Author: Jules Stewart
Publisher: Sutton Publishing
Unlike the author's previous work, The Khyber Rifles, which in fact contained very little material on the Khyber Rifles, Crimson Snow is a perfectly workmanlike account of the 1st Afghan War, its causes and the events leading up to it, together with an account of the subsequent actions of the Army of Retribution.
The first two chapters set the scene from around 1820 up to the occupation of Kabul and cover events both political and military including the formation of the Army of the Indus and its progression. Events in and around Kabul and the actual retreat fill the next three chapters, which also include a short account of the adventures of the hostages. Chapter six then covers Sale's actions and the advance of the Army of Retribution under Pollock. Finally there is an epilogue which refers briefly to 1878/9 and 1919, and inevitably makes a comparison with today's events in Afghanistan. The introduction by General Sir David Richards is excellent and makes some very valid points regarding comparisons with the nineteenth-century wars and today's conflict which are, rightly, at variance with those of the author.
The sub-title ‘Britain's First Disaster in Afghanistan' raises the question as to what the author considers to be the subsequent disasters. Apart from Maiwand, which was a battle lost rather than a major disaster, or the Kabul Residency incident, the 2nd War achieved its objectives and the 3rd, in 1919, was over in three months as far as Afghanistan was concerned; possibly it is another reference to today? The front flyleaf ‘blurb' contains the following comment: ‘Since then, British armies have returned to Afghanistan in 1878 and 1919, faring little better than they did in 1842.' It also refers to these returns as ‘humiliations'. Both comments are untrue but possibly indicate that the comparison is intended to be between the nineteenth and twenty-first centuries.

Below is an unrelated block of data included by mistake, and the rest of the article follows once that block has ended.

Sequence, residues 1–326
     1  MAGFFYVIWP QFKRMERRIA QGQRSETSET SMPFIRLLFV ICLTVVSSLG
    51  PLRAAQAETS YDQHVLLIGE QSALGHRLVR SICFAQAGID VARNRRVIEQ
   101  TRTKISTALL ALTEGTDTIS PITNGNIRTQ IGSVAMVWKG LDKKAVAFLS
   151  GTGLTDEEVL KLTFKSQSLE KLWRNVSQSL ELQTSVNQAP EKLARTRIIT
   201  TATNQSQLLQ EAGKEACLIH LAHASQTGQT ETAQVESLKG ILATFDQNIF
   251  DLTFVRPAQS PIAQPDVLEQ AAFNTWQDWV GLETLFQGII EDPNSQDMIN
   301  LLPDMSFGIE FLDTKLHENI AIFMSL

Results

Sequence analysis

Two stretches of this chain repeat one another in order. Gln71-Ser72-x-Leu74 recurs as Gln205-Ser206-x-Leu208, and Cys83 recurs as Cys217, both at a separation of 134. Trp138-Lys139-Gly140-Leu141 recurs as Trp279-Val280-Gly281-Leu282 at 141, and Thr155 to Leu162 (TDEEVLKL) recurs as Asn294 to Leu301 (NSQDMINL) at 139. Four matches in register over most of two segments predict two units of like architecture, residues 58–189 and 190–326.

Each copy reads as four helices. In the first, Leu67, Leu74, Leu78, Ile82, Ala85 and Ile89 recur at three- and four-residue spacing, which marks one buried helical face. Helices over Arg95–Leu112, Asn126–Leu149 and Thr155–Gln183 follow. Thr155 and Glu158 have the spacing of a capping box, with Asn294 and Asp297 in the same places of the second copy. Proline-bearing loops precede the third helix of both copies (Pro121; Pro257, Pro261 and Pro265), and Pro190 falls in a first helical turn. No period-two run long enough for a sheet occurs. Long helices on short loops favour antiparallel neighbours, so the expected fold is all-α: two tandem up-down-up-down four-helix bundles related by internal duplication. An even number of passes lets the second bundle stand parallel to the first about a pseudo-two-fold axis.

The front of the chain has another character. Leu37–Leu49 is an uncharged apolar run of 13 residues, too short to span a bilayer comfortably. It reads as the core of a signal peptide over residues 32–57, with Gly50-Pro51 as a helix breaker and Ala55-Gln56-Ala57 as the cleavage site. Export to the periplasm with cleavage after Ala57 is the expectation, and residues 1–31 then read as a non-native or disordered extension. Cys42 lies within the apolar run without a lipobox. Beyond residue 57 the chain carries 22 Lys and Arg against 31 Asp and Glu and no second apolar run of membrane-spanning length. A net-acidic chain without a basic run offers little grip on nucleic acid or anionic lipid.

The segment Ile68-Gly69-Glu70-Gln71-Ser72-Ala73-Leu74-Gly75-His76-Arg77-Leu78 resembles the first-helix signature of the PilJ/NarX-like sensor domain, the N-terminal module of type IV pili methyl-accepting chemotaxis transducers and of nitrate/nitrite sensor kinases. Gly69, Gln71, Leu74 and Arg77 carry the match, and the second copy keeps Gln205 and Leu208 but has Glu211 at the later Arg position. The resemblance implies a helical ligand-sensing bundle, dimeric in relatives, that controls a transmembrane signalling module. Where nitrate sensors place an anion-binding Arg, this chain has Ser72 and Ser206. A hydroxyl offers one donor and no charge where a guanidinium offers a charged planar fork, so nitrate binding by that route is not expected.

There are some nice illustrations, mostly from the Royal Geographical Society, but with one exception they are all scenic or portraits. Some military pictures would be helpful. There are no references to the National Army Museum or the India Office Military Records in the acknowledgements, and the author is not good with unit titles which creates some confusion - for instance Anderson's and Christie's Horse were 1st and 2nd Shah Shujaha's Cavalry, and the 6th Native Infantry [Shah Shujaha's Troop] were the 6th Shah Shujaha's Infantry. In some cases units are given their Presidency prefix i.e. 16th Bengal Native Infantry or 3rd Bombay Cavalry, but mostly they are given numerics only, which is both confusing and incorrect.
Overall, however, this is a good readable history, provided the rather journalistic and occasionally over-dramatic prose is accepted.